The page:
“If you’re not failing every now and again, it’s a sign you’re not doing anything very innovative.”
– Woody Allen
On Saturday morning, while in South Africa, and through the wonders of modern technology via Google Hangouts and YouTube, First Lady Michelle Obama joined a large group of international students, teachers, and community leaders and discussed the importance of education to move education and learning forward. One of the threads that was strung throughout the conversation was the potential of failure in the process of learning. This is an aspect that it seems current educators, administrators, students, and parents are often missing as an important aspect of the process in learning. As a parent, I miss the important aspect of failure because the failures directly affect the grades that are brought home. As a teacher, failure is an important part of my student’s learning experience and is highly encourages as it does NOT affect the grades (directly) that are taken home. PROCESS!
Taking risks and failing are an essential aspect of the world of the arts. In the great scheme of things though, the audience the artist creates for has little concern of the mistakes and process that the artist went through to get to the final product. The same can be said of the process that students go through in the learning of the materials that they are challenged with in the academics. There is a process my kids go through in the visual arts classes: Preliminary ideas (thumbnail sketches). These are the initial ideas. Great ideas, awful ideas, as well as ideas that may sprout legs and carry the artist to different places. The preliminary ideas get a lot of discussion and conversation between students and then, from that conversation, the next stage… rough drawing. Generally, even in a class like PAINTING, the drawing process comes long before the final product. There is a composition that needs to be thought through, a set of challenges that must be visually resolved before the final art work is begun. How can an idea be roughed out in another subject? In the working world? In a job or career?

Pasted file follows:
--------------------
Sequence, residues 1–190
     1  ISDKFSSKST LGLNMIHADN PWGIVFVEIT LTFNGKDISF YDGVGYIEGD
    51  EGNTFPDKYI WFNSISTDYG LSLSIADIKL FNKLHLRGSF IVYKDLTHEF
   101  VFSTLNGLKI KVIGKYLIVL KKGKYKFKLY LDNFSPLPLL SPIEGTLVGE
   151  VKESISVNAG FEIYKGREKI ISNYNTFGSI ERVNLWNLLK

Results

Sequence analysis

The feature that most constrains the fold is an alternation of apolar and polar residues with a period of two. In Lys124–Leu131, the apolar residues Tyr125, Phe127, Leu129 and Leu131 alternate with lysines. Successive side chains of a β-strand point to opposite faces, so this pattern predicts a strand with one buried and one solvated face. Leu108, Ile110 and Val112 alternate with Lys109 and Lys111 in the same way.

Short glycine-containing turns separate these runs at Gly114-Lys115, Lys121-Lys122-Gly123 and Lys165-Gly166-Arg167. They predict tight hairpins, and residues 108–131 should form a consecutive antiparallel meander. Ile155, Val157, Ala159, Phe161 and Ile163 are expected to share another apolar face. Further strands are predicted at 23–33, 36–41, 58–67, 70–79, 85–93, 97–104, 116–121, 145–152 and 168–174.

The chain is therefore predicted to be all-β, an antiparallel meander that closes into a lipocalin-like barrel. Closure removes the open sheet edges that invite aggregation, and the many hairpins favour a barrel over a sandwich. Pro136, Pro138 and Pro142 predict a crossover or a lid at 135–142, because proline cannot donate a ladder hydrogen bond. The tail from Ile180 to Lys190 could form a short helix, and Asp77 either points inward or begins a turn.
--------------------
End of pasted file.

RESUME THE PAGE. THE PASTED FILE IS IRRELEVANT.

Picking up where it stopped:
From the rough drawings, the final product is then developed. Through the final drawing there is still the suggestion, the encouragement for risk taking, experimentation, failure, and then resolution. It is very important that the students, the artists challenge the ideas they come up with and take the risks that are in front of them. The second part of a final grade in the visual arts classes includes a small portion on EXPERIMENTATION. The encouragement to try something, fail, try something else, fail, try something else, until something is resolved is a key component in the process. Even when the final product is resolved and in the museum, gallery, or more importantly for the artist, the collector’s home, the imperfections are what make the artwork what it is. The slight misses, the “False Starts,” the problems that may be continued into the next work… the unresolved issues and questions that make art so interesting.
In a sketchbook note from the early 1960’s, Jasper Johns wrote, “Take an object, do something to it. Do something else to it.” A sketchbook is the perfect place to experiment and take risks. In the 1960’s, just after the AbEx movement of the 1950’s, popular culture and images was a risk, and a banal object, like a target, was truly a risk.
So… all that said… how are you taking risks? how are you challenging the status quo? How are you being a positive deviant in your environment, leading the way to innovation and positive change? What are you doing to an object? What else are you doing to it? What else are you doing to it? When have you finally got something?